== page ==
Making the TCB more effective

Md Ashraf Hossain | Published: September 29, 2018 21:32:47 | Updated: September 30, 2018 14:16:21

-UNB file photo

In a democratic country, when prices of goods continue to increase, most people tend to hold the government responsible. They reason that it is the government's responsibility to control the fluctuation in prices while also ensuring adequate supply of goods in the local market.

It is a reality that many times in the past, the government of Bangladesh has failed to effectively control prices of commodities and arrange adequate supply. In fact, the government has no administrative structure to control supply and price of commodities.

In this regard, the Trading Corporation of Bangladesh (TCB) can be of some help, if some changes can be made.

In the past, the TCB, a statutory body and public enterprise, could not play its desired role due to existing government procedures like executive orders, rules and regulation related to procurement and sale involving public fund.

At present, the ministerial cabinet is the approving authority for any large purchase (estimated involvement of Taka 500 million or more), though TCB is the implementing agency. Prior to procurement, tenders are called as per Public Procurement Rules (PPR) and Public Procurement Act (PPA) by TCB. The body evaluates and submits the proposals to the commerce ministry. The ministry, following its procedure, forwards the proposals to the Cabinet Purchase Committee, where the decision is finally taken.

But the problem lies in the fact that in each of the above mentioned offices, it takes more than a month for the documents to pass from one office to the next. As such, it often takes a few months before a decision is made. In case of any confusion, any of the offices can seek for clarification from subordinate offices, further delaying the final decision and the procurement.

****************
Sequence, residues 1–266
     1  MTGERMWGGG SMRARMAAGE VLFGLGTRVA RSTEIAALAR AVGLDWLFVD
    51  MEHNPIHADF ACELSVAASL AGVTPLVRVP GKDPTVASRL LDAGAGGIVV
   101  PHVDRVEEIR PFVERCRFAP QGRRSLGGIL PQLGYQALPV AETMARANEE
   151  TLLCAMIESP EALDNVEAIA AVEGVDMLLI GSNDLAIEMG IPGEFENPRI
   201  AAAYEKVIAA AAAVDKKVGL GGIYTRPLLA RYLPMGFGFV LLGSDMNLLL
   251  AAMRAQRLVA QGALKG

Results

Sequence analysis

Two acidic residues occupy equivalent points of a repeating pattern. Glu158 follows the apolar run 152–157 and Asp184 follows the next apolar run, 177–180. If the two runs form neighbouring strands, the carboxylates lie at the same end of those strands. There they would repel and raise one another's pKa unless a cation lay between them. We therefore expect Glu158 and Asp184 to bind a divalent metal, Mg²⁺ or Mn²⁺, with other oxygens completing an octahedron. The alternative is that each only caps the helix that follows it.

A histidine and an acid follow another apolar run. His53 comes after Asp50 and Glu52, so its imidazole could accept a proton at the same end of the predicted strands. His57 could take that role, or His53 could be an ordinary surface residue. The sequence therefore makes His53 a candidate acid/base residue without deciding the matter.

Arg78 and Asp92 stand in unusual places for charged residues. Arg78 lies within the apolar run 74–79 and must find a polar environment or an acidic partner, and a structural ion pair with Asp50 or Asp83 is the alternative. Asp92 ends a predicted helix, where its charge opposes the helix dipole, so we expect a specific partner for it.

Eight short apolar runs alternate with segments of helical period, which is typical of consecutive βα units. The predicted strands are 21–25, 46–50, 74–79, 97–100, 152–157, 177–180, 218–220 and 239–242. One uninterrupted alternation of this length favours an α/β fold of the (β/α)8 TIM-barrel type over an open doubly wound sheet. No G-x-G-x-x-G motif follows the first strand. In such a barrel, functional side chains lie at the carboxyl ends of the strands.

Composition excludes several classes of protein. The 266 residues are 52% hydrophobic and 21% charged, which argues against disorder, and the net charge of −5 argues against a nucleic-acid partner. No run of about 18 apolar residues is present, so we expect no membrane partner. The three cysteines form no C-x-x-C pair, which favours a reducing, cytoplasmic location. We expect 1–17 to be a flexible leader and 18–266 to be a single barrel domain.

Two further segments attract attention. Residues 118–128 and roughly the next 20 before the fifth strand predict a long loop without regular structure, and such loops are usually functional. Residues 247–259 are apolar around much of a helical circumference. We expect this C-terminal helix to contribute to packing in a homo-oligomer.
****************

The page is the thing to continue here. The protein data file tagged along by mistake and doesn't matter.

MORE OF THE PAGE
In order to be able to compete with the commodity traders of private sector, TCB needs to be more prompt. But the decision-making procedure of the government is not commensurate with the situation. This problem can only be overcome if the TCB is converted to a public limited company (plc) under the Companies Act 1994.

In the proposed plc, ministries of the government concerned can subscribe to 60 per cent of the paid-up capital. Ministry of Commerce as the leader can own 20 per cent, while associates like Ministry of Agriculture, Ministry of Food, Ministry of Industries and Ministry of Finance can each have 10 per cent of the paid-up capital of the plc. The remaining 40 per cent can be offered to the general public through an initial public offering (IPO). The higher ownership of the government in the public limited company will allow the government to materialise its desires to control price and supply of commodities in market.

The authorised capital of the plc may be Tk 10 billion divided into 1 billion shares worth Tk 10.00 each. Initial paid-up capital may be Tk 2.0 billion. The ministries together can contribute Tk 1.2 billion. With 100 per cent premium, the remaining 40 per cent can be distributed among the public to raise Tk 1.6 billion.

While government shares can be placed under Group A category, the 40 per cent remaining shares of the company can be placed under Group B. The board of directors of the company can have directors from the two groups, who will represent them in the board. The number of directors can be in the same ratio as the total number of shares of the company of 60:40.

The Board of Directors can appoint a management professional as Managing Director who will be Ex-officio Director of the Board and will be the Chief Executive Officer of the plc. He/she will be appointed on a contractual basis against compensation for three, four to five years as the Board deems fit. To comply with the directive of Bangladesh Securities and Exchange Commission there must be provision for Independent Directors (ID). Number of IDs must not be less than one-fifth of total number of Directors. The IDs will be appointed by Board of Directors and the decision can be approved at the general meeting of shareholders.

If the TCB is made a public limited company (plc) it will be more prompt in its operation. It will be able to fulfil the desire of the government by efficiently procuring goods and distributing consumers to the same. It will also be able to control prices of essential goods.

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